The Fair and Accurate Credit Transactions Act of 2003, which amended the Fair Credit Reporting Act of 1970, entitles consumers to a free copy of their credit report once a year. Some state laws go beyond this and entitle consumers to a free copy of their credit report more frequently than once a year.
Unfortunately most people are unaware of this. So if they obtain their credit report at all, they often either pay for it, or they respond to “free” offers by for-profit companies (one in particular that advertises incessantly-and evidently successfully-on television) that turn out to have strings attached. Generally they require you to sign up for a “free” trial of their paid credit-related services, that you will then be charged for if you don’t remember to cancel in time.
But those places are easily bypassed. There are three main credit bureaus that compile reports, namely Equifax, Experian, and TransUnion. You can either contact them directly individually, or go to AnnualCreditReport.com, which is the source authorized by the Federal Trade Commission (FTC).
Once at the site, simply select your state and click on “Request Report.” This will take you to a form to fill out. You can then request to review the resulting reports-from all three credit bureaus-online, or receive them by phone or mail.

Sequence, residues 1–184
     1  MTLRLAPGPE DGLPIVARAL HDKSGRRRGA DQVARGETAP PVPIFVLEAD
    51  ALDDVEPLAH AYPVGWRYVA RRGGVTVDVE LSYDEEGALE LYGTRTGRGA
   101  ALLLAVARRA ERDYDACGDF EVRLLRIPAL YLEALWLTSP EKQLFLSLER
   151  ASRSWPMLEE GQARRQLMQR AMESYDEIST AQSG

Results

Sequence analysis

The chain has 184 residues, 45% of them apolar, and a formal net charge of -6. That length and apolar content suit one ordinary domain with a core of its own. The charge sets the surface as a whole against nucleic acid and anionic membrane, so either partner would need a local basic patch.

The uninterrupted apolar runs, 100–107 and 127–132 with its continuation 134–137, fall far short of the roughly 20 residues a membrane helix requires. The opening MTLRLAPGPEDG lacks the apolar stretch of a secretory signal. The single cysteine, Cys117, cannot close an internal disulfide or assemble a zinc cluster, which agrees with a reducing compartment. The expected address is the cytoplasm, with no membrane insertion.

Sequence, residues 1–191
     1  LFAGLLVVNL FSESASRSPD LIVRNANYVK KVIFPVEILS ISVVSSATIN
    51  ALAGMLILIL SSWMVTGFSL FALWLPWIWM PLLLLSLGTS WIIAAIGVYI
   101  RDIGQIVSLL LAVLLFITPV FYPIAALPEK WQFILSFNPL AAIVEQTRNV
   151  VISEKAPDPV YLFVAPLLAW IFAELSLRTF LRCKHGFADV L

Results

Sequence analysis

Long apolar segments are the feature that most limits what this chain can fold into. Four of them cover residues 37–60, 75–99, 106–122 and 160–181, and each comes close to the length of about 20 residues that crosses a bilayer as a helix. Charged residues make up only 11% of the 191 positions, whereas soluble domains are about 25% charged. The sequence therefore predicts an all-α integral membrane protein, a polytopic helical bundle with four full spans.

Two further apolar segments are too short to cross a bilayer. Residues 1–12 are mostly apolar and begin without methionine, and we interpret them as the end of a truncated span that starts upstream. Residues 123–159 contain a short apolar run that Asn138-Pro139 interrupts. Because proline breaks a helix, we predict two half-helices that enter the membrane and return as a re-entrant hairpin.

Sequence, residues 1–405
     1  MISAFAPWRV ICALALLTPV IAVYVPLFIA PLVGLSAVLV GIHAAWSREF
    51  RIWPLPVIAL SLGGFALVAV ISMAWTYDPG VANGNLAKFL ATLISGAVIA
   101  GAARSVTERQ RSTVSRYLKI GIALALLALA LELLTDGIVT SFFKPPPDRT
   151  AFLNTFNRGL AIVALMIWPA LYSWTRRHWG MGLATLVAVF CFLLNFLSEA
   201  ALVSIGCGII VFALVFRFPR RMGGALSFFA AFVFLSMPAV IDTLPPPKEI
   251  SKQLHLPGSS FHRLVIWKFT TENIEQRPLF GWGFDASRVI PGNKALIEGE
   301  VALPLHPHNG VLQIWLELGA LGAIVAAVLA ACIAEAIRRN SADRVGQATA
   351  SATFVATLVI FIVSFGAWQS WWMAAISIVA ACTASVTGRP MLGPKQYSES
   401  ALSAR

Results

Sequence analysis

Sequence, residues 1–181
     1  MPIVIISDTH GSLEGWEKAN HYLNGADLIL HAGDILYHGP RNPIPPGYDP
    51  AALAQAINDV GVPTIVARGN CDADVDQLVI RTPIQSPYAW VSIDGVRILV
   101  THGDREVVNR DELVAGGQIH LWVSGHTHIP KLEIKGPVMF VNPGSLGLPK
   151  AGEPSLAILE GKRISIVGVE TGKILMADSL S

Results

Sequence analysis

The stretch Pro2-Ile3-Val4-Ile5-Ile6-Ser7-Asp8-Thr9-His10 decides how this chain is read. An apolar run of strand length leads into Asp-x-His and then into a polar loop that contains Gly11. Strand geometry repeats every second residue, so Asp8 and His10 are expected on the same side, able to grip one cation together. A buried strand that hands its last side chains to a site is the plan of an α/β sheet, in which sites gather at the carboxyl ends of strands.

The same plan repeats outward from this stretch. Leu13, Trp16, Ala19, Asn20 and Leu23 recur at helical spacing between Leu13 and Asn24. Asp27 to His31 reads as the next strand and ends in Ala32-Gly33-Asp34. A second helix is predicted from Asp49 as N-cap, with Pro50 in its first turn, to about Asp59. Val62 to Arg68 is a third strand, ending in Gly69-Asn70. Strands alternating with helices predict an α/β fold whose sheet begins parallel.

But why is it important to check your credit report each year, and why all three versions? Your credit report determines your credit score, which has a huge impact on your ability to get a mortgage, to get a credit card, to rent an apartment, even to get a job. By examining your credit report regularly, you can see what is helping and hurting your score, and you can make informed decisions of what actions you need to take to improve it.
One reason it’s a good idea to check your credit reports each year is that it is not at all uncommon for them to contain errors. Credit bureaus often receive ambiguous or incomplete information and just have to do the best they can with it. There might be damaging claims on your report, for instance, that in fact pertain to someone else with the same or a similar name as you. Or there might be negative entries still on your report that should have expired by now and been deleted. (Bankruptcies should drop off after 10 years; most other negative items should drop off after 7 years.)